The lender’s DSCR requirements for office loans are specific to the case, according to Andrew Asbill, managing director, capital finance, structured finance, at real estate services company Transwestern. Morris says that DSCRs go hand in hand with LTVs, so generally DSCR levels are very wide, because interest rates and leverage are low.

“In 2021, we still haven’t seen office opportunities return to where they were before – rents have gone down and values ​​have fallen, and lenders just don’t believe the ‘back to the office’ story just yet. “, Morris notes. He says the only significant office transactions completed are for mixed-use properties with multi-family or owner-occupied buildings, noting that Walker & Dunlop has only closed two office loans so far this year, one in one. office building in downtown. Minneapolis for $ 16 million and another for just over $ 2 million. Together, these transactions represent just 1.4% of the company’s expected origination volume this year.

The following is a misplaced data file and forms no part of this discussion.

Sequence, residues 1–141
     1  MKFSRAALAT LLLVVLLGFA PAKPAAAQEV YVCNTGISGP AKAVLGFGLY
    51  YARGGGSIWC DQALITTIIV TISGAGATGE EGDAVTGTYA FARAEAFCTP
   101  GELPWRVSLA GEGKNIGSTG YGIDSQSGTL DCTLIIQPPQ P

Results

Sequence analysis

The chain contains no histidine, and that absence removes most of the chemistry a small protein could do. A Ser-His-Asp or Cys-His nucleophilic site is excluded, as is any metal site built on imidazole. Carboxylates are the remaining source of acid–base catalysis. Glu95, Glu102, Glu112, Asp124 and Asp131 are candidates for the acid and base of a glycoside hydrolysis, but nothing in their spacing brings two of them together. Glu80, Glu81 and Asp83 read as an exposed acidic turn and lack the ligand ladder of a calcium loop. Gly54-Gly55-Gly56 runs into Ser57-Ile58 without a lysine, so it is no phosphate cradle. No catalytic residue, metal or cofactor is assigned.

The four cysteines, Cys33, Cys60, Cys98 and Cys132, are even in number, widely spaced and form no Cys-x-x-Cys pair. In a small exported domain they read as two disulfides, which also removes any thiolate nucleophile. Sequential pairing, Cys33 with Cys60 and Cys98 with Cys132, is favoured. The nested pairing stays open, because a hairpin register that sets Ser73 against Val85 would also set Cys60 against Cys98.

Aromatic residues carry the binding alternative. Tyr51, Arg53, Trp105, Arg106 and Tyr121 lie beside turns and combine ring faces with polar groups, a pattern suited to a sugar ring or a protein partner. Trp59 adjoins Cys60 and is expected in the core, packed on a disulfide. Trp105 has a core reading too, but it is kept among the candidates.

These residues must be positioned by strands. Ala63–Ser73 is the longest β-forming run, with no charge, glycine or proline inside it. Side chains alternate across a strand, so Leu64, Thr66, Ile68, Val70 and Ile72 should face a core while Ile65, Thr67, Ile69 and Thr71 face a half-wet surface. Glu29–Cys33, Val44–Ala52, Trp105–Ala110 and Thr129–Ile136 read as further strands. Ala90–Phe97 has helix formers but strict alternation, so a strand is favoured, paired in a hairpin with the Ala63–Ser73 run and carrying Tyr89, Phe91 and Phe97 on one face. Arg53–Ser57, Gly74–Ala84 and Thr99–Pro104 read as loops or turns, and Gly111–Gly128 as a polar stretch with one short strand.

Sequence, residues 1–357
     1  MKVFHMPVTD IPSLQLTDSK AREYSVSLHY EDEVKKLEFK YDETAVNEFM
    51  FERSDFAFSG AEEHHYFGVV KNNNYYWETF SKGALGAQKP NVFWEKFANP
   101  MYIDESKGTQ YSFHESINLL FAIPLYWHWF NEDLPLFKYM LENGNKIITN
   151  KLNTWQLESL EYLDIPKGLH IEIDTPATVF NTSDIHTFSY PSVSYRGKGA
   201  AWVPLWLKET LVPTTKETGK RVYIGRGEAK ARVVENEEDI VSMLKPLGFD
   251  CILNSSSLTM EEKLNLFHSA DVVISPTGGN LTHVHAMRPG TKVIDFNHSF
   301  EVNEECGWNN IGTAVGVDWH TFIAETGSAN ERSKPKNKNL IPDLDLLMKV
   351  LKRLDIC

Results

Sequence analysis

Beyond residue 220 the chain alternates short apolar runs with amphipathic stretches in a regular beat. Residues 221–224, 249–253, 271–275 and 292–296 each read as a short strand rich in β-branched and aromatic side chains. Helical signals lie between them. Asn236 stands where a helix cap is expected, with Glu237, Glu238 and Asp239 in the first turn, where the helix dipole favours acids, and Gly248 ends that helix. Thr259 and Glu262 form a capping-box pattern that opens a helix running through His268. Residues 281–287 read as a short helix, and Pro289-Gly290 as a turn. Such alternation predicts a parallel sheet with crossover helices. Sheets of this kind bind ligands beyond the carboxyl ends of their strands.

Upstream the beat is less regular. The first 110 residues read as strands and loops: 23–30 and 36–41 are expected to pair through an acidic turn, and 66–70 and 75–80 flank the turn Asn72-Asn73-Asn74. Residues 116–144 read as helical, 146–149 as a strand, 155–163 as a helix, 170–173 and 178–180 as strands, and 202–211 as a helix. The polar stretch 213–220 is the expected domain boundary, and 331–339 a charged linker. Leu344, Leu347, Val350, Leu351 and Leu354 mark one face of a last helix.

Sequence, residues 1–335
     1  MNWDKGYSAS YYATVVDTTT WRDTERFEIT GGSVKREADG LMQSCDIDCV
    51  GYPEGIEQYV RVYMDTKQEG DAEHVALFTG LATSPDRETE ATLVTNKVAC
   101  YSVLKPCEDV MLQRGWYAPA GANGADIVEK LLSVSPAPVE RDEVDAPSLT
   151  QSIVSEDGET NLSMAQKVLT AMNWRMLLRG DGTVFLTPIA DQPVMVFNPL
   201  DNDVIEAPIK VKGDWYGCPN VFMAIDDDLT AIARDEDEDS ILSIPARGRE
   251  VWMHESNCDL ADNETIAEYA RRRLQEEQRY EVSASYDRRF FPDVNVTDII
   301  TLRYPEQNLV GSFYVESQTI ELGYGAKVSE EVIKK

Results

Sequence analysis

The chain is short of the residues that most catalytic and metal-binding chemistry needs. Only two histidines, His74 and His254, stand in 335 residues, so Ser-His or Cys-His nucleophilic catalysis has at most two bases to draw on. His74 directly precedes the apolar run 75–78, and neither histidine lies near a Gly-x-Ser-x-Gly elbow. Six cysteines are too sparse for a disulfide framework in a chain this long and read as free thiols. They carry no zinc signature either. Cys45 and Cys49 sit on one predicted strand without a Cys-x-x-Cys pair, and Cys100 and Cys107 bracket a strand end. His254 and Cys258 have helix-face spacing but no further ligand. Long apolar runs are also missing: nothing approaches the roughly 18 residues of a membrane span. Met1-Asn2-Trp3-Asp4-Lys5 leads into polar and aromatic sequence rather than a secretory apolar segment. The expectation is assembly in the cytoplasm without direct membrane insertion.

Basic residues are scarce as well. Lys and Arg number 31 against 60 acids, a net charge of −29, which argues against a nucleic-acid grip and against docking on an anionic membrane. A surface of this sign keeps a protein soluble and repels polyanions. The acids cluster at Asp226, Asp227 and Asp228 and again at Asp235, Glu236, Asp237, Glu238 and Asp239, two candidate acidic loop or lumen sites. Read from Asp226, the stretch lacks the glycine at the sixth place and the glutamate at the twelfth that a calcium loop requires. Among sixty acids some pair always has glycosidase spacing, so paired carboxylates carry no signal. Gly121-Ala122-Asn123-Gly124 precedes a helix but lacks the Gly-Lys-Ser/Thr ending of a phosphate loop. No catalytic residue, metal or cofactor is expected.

Walker & Dunlop was able to finance the building in Minneapolis for several reasons, including its location in the Central Business District (CBD); the fact that it belongs to one of the best sponsors in the local market; his profile as a top tenant; and, more importantly, that the loan was a substantial discount from the original cost of this new building, so there was a lot of real equity. According to Morris, lenders currently willing to work in the office market include ultra-conservative insurance companies (which focus on very low LTV transactions or top-notch property owners with high rents), as well as bridge lenders and debt funds.